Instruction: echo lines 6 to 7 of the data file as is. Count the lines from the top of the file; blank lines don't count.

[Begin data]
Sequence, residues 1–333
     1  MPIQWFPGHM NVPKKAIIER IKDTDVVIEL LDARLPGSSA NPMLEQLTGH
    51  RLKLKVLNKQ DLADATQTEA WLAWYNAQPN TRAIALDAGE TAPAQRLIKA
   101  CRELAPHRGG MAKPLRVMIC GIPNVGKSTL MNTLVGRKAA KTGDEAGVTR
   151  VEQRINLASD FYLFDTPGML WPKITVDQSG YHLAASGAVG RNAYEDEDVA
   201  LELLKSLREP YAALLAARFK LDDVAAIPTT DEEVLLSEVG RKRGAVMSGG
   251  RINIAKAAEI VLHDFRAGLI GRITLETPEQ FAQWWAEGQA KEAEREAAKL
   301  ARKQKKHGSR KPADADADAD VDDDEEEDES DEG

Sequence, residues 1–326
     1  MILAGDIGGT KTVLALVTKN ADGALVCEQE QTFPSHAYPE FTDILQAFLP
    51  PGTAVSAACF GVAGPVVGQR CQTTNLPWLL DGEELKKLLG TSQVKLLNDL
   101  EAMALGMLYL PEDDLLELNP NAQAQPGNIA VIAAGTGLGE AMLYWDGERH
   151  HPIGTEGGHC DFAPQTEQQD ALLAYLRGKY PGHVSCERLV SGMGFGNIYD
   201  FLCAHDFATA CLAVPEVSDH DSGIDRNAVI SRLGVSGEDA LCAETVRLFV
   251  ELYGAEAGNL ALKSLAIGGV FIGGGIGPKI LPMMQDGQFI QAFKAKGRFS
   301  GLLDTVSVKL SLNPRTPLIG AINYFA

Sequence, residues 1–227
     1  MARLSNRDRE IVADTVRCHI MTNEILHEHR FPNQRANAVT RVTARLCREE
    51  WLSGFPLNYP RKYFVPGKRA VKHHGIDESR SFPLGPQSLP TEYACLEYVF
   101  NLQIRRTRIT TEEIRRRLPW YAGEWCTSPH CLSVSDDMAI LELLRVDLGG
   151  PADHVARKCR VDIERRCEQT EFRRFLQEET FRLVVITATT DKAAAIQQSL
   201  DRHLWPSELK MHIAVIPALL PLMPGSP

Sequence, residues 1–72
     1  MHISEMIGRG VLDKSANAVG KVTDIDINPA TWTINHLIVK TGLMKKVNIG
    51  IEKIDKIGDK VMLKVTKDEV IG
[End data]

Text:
   201  LELLKSLREP YAALLAARFK LDDVAAIPTT DEEVLLSEVG RKRGAVMSGG
   251  RINIAKAAEI VLHDFRAGLI GRITLETPEQ FAQWWAEGQA KEAEREAAKL